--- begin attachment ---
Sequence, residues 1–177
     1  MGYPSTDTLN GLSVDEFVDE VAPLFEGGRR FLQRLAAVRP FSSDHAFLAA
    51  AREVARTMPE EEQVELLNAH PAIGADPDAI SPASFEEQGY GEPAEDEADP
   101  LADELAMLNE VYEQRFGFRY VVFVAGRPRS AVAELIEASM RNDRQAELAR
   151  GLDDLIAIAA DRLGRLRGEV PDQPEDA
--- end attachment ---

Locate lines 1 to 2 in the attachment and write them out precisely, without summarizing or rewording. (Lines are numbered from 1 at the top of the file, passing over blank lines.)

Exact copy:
Sequence, residues 1–177
     1  MGYPSTDTLN GLSVDEFVDE VAPLFEGGRR FLQRLAAVRP FSSDHAFLAA